You can please some of the people, some of the time. Over and out.

Thursday, September 27, 2018


It's tomorrow, Friday 28 September live on BBC Radio 4 Woman's Hour. We're live at Maida Vale Studios at 10am. Please join us! Jenni Murray presents, Jasmine Dotiwala and I will be representing our panel of judges, and a lot of our Top 40 will be with us to celebrate. The Powerlist covers women who are changemakers, leaders and role models in all manner of musical fields, so no doubt there'll be plenty of controversy about who's on it, and who isn't.

Was it difficult? Was. It. Difficult.

Do tune in if you can.

Tuesday, May 29, 2018

Women in Music: the Woman's Hour Power List 2018

Live radio is quite scary, but I took the plunge yesterday. It's an honour to be on the panel of judges for the BBC Radio 4 Woman's Hour Power List 2018, which is devoted to Women in Music and was launched yesterday. I'm the classical representative alongside some formidable figures from the pop world - producer Catherine Marks, broadcaster Jasmine Dotiwala and singer-songwriter Kate Nash - and we have quite a task ahead of us, whittling down the number of powerful women in the music world to select the top 40. The list will be announced in the autumn.

You can hear the podcast from yesterday's programme on the iPlayer, here. Happy listening.

Wednesday, February 03, 2016

How Marin is changing the world

A few weeks ago I went to listen to Marin Alsop giving masterclasses for young women conductors and had a terrific interview with her. She is not one to pull her punches on "the women conductors thing". The piece is in the Independent today, ahead of her concerts with the OAE in Basingstoke on Thursday and the Royal Festival Hall on Saturday - the one with the Schumann Violin Concerto.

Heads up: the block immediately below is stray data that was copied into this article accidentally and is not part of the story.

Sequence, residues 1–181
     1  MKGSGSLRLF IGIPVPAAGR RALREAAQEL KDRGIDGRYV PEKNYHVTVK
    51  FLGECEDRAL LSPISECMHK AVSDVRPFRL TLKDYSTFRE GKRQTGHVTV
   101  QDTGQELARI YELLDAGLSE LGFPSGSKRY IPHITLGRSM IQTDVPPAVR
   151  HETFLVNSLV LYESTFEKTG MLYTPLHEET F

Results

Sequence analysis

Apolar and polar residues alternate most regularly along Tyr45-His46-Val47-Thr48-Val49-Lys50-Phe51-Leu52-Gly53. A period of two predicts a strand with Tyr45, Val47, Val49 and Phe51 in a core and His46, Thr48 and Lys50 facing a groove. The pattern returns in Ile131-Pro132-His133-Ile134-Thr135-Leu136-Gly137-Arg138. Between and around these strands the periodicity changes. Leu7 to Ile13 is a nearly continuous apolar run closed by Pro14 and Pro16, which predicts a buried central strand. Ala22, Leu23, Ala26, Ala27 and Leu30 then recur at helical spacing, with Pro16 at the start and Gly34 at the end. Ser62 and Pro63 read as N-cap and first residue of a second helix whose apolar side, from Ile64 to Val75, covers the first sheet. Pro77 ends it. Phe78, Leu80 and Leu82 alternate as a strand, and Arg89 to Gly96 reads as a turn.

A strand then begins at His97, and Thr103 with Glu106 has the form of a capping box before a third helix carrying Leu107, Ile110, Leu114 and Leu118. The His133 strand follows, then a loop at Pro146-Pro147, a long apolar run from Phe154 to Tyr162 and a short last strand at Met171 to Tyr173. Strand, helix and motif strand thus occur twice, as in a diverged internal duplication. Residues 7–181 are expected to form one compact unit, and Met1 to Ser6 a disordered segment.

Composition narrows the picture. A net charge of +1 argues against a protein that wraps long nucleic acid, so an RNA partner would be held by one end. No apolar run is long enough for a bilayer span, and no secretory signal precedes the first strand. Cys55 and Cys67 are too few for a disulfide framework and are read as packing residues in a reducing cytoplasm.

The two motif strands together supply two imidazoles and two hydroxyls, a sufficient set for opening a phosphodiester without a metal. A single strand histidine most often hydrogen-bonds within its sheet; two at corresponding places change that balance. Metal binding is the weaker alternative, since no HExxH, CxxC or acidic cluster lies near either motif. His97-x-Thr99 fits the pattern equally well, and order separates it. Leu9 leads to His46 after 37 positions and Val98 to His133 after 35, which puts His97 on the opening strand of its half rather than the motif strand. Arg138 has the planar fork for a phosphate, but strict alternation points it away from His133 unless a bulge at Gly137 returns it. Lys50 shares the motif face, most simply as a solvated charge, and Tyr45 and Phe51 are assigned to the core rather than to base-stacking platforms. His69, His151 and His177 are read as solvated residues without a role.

I'm delighted to say that she and I will be on BBC Radio 4 'Woman's Hour' tomorrow to talk about the story of the Schumann Violin Concerto. Plus I'm now joining the panel for the pre-concert talk at the RFH on Saturday (5.45pm) where we'll be discussing music, mental illness, Schumann, the Concerto and more.

Here's a taster of the article and you can read the rest here.

Marin Alsop's selfie at the Last Night of the Proms
Some conductors who are female are outraged if one raises “the women conductors thing”. Why are we still talking about this? Isn't it time to forget it and just get on with making music? Alsop, though, faces the issue head on – and she is perfectly happy to bring it out into the open. 

“People ask why a course like this is necessary, and I think it's a disingenuous question,” she says. “It's only necessary because of the reality. It's not something I'm making up. I'm just reacting to the landscape.” There is no point, she suggests, trying to deny that there are too few women conductors, or that they face problems different from those experienced by their male colleagues – both in terms of that glass ceiling protecting prestigious posts and in how the details of their artistry are perceived.

“Because I have quite a thick skin, I don't mind being the one out front, trying to elbow my way in,” she adds. “But I think, as that person out front, it's important for me to create a pathway for people coming through. I don't want it to be so hard for the next generations.”